Skip to content

Distribution of soil nitrogen and nitrogenase activity in the forefield of a High Arctic receding glacier

Research output: Contribution to journalArticle

Original languageEnglish
Number of pages8
JournalAnnals of Glaciology
Early online date24 Jan 2019
DateAccepted/In press - 21 Dec 2018
DateE-pub ahead of print (current) - 24 Jan 2019


Glaciers retreating in response to climate warming are progressively exposing primary mineral substrates to surface conditions. As primary production is constrained by nitrogen (N) availability in these emerging ecosystems, improving our understanding of how N accumulates with soil formation is of critical concern. In this study, we quantified how the distribution and speciation of N, as well as rates of free-living biological N fixation (BNF), change along a 2000-year chronosequence of soil development in a High Arctic glacier forefield. Our results show the soil N pool increases with time since exposure and that the rate at which it accumulates is influenced by soil texture. Further, all N increases were organically bound in soils which had been ice-free for 0-50 years. This is indicative of N limitation and should promote BNF. Using the acetylene reduction assay technique, we demonstrated that microbially mediated inputs of N only occurred in soils which had been ice-free for 0 and 3 years, and that potential rates of BNF declined with increased N availability. Thus, BNF only supports N accumulation in young soils. When considering that glacier forefields are projected to become more expansive, this study has implications for understanding how ice-free ecosystems will become productive over time.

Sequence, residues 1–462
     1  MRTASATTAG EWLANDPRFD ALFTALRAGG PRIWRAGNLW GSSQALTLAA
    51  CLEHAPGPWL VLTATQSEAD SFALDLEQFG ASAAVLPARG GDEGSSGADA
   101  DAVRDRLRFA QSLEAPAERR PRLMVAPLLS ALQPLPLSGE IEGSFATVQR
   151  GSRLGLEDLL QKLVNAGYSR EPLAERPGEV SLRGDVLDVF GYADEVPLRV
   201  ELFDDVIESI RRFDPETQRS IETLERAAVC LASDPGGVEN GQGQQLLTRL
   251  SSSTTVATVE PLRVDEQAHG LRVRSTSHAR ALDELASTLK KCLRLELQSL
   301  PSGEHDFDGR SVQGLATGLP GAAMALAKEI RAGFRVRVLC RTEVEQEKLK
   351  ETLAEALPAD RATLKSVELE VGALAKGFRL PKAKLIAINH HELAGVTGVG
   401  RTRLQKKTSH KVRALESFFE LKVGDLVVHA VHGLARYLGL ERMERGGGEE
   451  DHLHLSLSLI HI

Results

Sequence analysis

Research areas

  • Arctic glaciology, biogeochemistry, microbiology, moraine

Download statistics

No data available



  • Full-text PDF (final published version)

    Rights statement: This is the final published version of the article (version of record). It first appeared online via Cambridge University Press at . Please refer to any applicable terms of use of the publisher.

    Final published version, 306 KB, PDF document

    Licence: CC BY


View research connections

Related faculties, schools or groups